90's music and failing at life...

Discovering late 90's/early 00's hit music radio has changed my life. No, seriously. I never processed how much happier I could be while cleaning, folding laundry, doing all the tedious tasks I hate-- when jamming to N*Sync, Britney, Destiny's Child and all the other songs that were my high school years. It takes me back to a simpler time... a time when my worries consisted of homework, dive practice and the next day's outfit. A time when food magically appeared in the pantry and fridge. A time when my schedule was mine and mine alone. A time when I didn't truly understand the meaning of stress and responsibility. A time when I listened to music that didn't have the name "Disney" or "Kidz Bop" involved. 

I miss that time. I would never change my current life, but there are definitely moments I wish I wasn't SO in charge of SO many things--- three small humans being my main schtick. 

Last season on Grey's Anatomy (yes, I still watch it), there was an episode where Meredith was supposed to go visit her husband for the weekend. Instead, she missed her flight, got a hotel room and did absolutely nothing, by herself. Her excuse was she just didn't want to be anything to anyone for a minute... not anyone's doctor, mother, wife, friend. But the problem is that life keeps spinning, even if we want to hide for a minute. 

I have said many times that I often don't feel mature enough to be a parent. The pressure (I put on myself) to give them the magical, carefree, wonderful childhood I want for them can induce panic/guilt/depression/endless adjectives. I vent to Matt quite frequently that I just feel like I'm failing in every aspect. Yes, I do have a perfectionist personality which is a challenge. Pre-motherhood, I went through life pretty much succeeding at anything I put my mind to. These days? The house always seems like a disaster despite feeling like I clean ALL the time. Laundry and dishes are my nemesis. Trying to make a quality dinner during arsenic hour is near impossible. I should take it back a step further... having planned and purchased all of the ingredients to make a quality dinner often times seems near impossible. Working out? HAH. How about giving my wonderful husband the time and energy he deserves? Being a good friend, daughter? Comical attempts. I find myself thinking, "Why do I even try?" My mom used to say the phrase, "Jack of all trades. Master of none." Basically it means that if you are going to do a lot of crap, you are only going to be mediocre at them all. That is REALLY hard for the perfectionist in me. 

The one subject that I would truly like to be a master of is, of course, my girls. But that is impossible, which is so very hard to accept. There are many, many moments when I think to myself-- Wow, am I utterly screwing up my kids? Am I creating monsters who will be incompetent members of society? What if what I'm doing right now is something they will spend countless hours rehashing in therapy?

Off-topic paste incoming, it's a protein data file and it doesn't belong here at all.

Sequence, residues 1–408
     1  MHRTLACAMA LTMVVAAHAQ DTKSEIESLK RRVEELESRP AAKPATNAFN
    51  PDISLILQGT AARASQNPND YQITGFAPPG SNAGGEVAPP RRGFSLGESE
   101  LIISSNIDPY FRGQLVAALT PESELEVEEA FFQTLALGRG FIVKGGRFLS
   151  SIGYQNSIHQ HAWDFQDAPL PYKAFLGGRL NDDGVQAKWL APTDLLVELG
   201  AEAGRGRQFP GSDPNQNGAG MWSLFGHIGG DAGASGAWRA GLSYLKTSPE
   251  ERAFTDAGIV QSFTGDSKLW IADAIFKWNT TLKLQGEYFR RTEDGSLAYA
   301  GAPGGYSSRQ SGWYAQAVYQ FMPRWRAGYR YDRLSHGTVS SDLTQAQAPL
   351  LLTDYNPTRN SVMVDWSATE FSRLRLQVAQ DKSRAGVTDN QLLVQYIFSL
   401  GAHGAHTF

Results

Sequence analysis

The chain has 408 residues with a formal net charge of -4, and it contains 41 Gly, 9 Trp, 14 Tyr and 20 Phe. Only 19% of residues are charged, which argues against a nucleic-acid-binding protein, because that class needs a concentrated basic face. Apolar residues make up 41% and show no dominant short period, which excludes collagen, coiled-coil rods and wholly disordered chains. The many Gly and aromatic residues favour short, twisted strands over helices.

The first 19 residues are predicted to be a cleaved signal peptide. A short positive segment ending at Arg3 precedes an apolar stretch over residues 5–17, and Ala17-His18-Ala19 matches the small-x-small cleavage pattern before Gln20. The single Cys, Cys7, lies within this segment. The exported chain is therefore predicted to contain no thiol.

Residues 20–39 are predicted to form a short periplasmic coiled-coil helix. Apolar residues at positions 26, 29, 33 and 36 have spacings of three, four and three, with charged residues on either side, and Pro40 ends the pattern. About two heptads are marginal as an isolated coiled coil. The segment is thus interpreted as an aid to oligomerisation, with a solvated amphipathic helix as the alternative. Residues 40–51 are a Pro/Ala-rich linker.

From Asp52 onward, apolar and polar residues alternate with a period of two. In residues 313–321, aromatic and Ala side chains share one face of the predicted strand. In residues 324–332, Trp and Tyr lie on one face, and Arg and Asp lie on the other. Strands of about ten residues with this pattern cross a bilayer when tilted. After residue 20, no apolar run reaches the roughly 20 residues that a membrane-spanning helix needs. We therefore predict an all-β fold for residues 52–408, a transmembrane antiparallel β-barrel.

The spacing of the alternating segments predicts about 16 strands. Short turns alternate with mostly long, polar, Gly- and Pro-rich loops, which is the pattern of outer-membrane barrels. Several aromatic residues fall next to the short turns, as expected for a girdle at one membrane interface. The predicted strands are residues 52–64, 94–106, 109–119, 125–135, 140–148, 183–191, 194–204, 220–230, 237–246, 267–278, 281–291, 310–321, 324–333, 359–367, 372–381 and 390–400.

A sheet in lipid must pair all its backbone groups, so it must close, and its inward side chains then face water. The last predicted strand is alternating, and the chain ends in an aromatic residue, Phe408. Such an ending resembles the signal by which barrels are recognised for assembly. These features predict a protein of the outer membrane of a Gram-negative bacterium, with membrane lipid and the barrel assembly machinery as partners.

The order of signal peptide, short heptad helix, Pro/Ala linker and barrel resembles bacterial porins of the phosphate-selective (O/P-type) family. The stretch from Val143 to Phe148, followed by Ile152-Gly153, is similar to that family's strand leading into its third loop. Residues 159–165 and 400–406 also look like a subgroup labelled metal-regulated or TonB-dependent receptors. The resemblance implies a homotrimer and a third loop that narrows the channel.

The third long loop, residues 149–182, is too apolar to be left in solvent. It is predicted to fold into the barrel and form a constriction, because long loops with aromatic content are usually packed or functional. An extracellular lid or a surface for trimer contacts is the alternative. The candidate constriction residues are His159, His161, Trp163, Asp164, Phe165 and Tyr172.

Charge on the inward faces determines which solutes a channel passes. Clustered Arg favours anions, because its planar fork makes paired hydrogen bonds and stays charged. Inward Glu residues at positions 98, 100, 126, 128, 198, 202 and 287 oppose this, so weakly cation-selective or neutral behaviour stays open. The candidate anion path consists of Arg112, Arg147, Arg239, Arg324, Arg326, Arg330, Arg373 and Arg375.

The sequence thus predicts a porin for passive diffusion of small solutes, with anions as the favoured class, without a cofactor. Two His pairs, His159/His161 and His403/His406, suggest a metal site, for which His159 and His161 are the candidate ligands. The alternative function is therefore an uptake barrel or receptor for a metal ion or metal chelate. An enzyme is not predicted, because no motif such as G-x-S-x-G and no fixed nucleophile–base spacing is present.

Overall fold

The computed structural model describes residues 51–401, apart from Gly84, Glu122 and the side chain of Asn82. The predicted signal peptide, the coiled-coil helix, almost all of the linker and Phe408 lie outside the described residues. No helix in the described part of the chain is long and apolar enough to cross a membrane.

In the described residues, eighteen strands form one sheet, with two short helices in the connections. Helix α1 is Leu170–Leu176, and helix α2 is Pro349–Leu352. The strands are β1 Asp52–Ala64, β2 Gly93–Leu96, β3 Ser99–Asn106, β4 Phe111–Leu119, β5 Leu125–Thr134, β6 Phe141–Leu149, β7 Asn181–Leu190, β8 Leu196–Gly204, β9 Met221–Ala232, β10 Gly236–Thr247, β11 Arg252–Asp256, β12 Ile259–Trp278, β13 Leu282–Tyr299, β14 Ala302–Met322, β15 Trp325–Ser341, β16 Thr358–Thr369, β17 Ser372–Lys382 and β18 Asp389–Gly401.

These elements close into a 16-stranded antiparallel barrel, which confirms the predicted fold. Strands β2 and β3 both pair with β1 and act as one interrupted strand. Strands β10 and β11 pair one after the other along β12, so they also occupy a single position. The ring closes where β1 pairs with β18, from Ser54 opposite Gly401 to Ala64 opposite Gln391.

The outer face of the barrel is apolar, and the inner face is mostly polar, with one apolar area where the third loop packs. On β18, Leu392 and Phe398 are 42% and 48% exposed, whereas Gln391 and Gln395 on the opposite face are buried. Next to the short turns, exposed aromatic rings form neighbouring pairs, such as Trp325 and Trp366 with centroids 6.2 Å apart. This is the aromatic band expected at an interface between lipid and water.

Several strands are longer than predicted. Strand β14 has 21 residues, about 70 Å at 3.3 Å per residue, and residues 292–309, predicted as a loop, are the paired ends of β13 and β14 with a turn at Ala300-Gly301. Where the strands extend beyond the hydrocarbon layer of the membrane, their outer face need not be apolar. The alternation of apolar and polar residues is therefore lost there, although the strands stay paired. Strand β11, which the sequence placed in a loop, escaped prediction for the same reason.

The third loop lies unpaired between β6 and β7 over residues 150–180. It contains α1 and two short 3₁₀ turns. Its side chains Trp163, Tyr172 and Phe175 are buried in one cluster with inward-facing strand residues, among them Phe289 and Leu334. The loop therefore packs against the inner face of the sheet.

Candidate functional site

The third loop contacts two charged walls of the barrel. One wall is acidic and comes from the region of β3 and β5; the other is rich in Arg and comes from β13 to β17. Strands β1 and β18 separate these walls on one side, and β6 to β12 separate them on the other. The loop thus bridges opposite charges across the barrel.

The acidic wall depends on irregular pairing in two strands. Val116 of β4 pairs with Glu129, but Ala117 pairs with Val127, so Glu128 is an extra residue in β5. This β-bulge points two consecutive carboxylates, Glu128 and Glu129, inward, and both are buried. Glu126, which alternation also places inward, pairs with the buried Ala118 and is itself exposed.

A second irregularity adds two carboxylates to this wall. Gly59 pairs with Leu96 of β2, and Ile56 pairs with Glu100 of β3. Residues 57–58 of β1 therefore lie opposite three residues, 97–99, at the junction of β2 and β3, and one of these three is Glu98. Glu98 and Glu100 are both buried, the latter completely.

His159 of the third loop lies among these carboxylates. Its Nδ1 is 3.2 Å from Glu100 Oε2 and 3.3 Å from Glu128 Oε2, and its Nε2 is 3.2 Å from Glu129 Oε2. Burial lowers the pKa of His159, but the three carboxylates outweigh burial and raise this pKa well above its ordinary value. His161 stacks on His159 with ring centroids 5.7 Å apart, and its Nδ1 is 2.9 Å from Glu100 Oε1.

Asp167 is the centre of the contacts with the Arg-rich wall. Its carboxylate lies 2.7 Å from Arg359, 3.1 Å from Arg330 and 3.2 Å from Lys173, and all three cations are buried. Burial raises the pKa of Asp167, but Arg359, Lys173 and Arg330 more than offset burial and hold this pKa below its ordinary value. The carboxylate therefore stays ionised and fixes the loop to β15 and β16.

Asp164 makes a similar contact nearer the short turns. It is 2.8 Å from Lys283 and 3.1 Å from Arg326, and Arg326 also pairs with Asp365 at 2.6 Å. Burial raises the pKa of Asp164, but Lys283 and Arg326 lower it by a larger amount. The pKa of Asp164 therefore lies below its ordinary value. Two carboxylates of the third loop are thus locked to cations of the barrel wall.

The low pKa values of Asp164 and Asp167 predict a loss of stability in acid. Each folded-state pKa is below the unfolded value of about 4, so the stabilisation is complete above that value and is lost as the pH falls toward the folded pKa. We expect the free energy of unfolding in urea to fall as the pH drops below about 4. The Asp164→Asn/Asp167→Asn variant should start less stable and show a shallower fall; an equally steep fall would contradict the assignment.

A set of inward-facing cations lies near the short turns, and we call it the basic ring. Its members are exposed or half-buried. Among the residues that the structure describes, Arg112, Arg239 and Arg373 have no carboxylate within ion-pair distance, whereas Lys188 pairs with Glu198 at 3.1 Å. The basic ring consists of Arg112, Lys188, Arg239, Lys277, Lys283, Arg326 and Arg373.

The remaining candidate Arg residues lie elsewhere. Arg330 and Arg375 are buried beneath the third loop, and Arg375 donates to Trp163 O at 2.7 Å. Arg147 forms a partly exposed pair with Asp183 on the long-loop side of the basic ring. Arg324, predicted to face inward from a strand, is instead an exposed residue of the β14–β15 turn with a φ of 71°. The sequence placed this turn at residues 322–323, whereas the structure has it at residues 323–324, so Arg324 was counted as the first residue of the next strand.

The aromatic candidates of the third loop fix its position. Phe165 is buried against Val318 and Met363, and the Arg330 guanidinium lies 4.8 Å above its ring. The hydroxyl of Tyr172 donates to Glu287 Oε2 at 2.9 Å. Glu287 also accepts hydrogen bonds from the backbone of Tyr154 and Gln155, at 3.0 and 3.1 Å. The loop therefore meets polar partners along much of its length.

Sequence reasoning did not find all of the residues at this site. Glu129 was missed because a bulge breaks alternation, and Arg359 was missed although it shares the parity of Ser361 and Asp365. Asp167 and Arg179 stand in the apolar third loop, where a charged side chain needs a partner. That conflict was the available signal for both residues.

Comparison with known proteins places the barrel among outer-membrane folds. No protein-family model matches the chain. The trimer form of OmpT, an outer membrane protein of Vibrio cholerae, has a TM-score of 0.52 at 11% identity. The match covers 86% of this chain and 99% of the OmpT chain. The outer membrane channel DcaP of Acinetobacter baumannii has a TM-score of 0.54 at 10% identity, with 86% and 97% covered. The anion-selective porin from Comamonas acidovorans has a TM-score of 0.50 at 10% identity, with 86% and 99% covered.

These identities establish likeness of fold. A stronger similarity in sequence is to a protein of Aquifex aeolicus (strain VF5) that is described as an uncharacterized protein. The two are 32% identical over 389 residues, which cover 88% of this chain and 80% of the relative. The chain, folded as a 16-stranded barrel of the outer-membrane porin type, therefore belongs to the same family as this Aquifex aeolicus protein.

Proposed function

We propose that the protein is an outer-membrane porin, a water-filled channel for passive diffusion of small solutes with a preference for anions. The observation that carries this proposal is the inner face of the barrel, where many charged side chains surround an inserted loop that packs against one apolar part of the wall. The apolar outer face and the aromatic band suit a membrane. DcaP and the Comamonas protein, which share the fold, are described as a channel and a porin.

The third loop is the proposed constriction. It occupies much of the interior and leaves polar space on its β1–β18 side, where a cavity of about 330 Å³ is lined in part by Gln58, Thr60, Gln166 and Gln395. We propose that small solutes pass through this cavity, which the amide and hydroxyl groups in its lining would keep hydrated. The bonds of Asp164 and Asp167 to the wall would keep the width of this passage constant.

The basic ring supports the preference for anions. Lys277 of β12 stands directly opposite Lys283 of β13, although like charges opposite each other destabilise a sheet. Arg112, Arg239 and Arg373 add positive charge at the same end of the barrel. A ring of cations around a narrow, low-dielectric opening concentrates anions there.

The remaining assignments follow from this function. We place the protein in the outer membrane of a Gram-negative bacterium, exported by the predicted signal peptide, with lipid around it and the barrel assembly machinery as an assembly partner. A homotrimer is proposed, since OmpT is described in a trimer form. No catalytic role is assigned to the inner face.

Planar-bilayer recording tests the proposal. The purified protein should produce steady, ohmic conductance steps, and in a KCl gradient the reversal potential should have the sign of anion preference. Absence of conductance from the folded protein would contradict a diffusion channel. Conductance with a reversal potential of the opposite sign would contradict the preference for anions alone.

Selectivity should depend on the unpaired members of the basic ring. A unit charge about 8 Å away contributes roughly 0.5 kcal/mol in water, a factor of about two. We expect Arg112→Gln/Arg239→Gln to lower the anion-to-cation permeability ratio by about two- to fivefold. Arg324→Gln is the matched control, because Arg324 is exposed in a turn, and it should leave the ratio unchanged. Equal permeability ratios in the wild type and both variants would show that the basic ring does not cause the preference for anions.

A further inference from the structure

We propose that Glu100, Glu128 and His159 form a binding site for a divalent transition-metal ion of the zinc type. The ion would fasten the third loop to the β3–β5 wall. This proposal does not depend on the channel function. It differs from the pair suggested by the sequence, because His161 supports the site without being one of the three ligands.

This past weekend we took all three girls to the Redskins game... and we won!!! Miracles happen. We actually all had a great time. 

Gooooo Redskins! 

A little parking lot football. You can see how far Liv threw it. 

In these pictures, we look like an adorable, loving family. Which we are... except when we're not. Not when everyone is whining and fighting and complaining and crying and interrupting and tattle-taling and hitting and shrieking "MOMMYYYYY" 20439834098 times a day. 

So. Despite the fact that I know that I will never fully master these three nuggets, I am quite determined to never give up trying. Some days are better. Some days are truly quite awful... on those days, while I don't disappear to a hotel room for a weekend, I do run off to Home Goods and T.J. Maxx by myself if at all possible to get my sanity back. It isn't a cure-all but it does help. Or at least it gives me enough energy to go home and start all over again the next day. What also helps is the hilariousness that this picture is (even though, shocker, it made a massive mess): 

Happy Thursday! 


Times are changing...

Times are changing. I always knew it was going to happen. You just never really process that it IS happening. 

I have left behind the era of diapers, bottles, nap schedules, massive carseats and cribs. 

I have entered the world of managing activity schedules, carpools, homework, sleepovers, and the PTA. 

I am of the opinion that the stage you are in with your kids never really gets easier, per se. The difficulties just change. Am I thrilled that I don't have to pack a diaper bag with an endless supply of snacks and multiple outfits in case of a poop explosion? Of course. Do I think comforting my daughter when a friend is mean at school, or becoming basically an Uber driver is a walk in the park? Obviously not. Am I utterly terrified of teenage years? No question. Despite my new, current stage of life, the ends of my days haven't really changed... utterly exhausted and quite often with a glass of wine. 

We had a fantastic, busy summer. Between swim team, family vacations, a few camps and lots of pool time, my girls got tanner and blonder than ever. Here are a few of my fav moments: